Nikon D7000 Review

by Reads (27,166)
Editor's Rating

Ratings Breakdown (1-10)

    • Image/Video Quality
    • 8
    • Features
    • 9
    • Design / Ease of Use
    • 8
    • Performance
    • 9
    • Expandability
    • 9
    • Total Score:
    • 8.60
    • Rating 1 to 10, top score 10


  • Pros

    • Excellent image quality
    • Excellent at high ISO
    • Fast, accurate AF
  • Cons

    • Some highlight clipping
    • Awkward mode/release dial
    • 1080 HD somewhat choppy

Quick Take

The D7000 offers some of the best high ISO performance and image quality in its cropped-sensor class. HD 1080p video is somewhat disappointing.

Editors ChoiceWithin the space of about a month’s time, Nikon has introduced latest-generation entry and prosumer DSLR models with their DX (APS-C) sensor. The D3100 reached market in mid-September 2010 and was followed by the D7000 in October. Both cameras have upped the resolution for Nikon cropped-sensor cameras past the 12.3 megapixel ceiling of the last generation, but to slightly different levels: 14.2 megapixels in the D3100 and 16.2 in the higher performance D7000. The D3100 is the follow-on to the D3000 while the D7000 will slot, pricewise, into the new lineup about midway between the D90 and D300s.

Nikon D7000

Both the D3000 and D90 remain on Nikon USA’s website as of this writing, but expect them to fade from view in the not too distant future. It’s not clear if the D7000 is the D90 successor, but it could be – “D100” was unavailable because Nikon used up that designation on a 6 megapixel DSLR back in 2002.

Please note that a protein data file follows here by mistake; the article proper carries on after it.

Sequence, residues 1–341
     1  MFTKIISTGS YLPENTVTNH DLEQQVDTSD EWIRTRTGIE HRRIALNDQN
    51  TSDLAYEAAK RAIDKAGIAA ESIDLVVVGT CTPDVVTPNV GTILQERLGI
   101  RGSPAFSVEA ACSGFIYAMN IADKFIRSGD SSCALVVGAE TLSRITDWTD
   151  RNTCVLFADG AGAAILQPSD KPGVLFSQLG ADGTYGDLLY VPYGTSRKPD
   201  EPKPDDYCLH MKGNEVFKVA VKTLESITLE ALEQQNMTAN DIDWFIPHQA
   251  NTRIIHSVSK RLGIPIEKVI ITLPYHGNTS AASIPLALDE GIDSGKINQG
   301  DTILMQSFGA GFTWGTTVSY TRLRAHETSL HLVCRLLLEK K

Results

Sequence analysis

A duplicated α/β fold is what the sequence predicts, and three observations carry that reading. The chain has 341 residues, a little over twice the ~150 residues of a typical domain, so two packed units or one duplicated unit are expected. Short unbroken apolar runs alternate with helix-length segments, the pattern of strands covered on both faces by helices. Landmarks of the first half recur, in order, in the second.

More significantly, the D7000 comes equipped with Nikon’s new EXPEED 2 processing system, a new 39 point autofocus (AF) system (with 9 cross-point sensors) and a new 2016 pixel RGB 3D matrix metering system. There is a 1080p HD video capability with automatic AF, an up to 6 frame per second (FPS) continuous shooting rate and the ability to capture up to 100 images continuously, a shutter rated for 150,000 cycles and dual memory card slots. The body is a magnesium and composite blend, weather sealed, and features a 3.0-inch LCD monitor.

About the time you start to think the D7000 specs sound more like pro and less like consumer, automatic and scene shooting modes that supplement standard DSLR manual exposure options hedge Nikon’s bet and broaden the camera’s potential audience. Native ISO range is 100 to 6400, expandable two stops to 25600. You can get a D7000 as a body-only, or packaged in kit form with the stabilized (VR) 18-105mm zoom lens, as was our review unit. Here’s the coverage offered by the kit lens:

Nikon D7000
Wide angle, 18mm

Nikon D7000
Telephoto, 105mm

Lens compatibility and functionality is the same as pro-level Nikons (over 60 lenses in the current catalog and most F mount glass dating back to 1959).

The camera has no internal memory and can utilize SD/SDHC/SDXC memory media. Nikon includes a Li-ion battery and charger, rubber eyecup, USB and AV cables, camera strap, monitor cover, body cap, hot shoe cover, complete printed user manual and CD-ROM software with each camera.

New processing system, new AF system, new matrix metering system – let’s go shoot the newest Nikon and see what we get.

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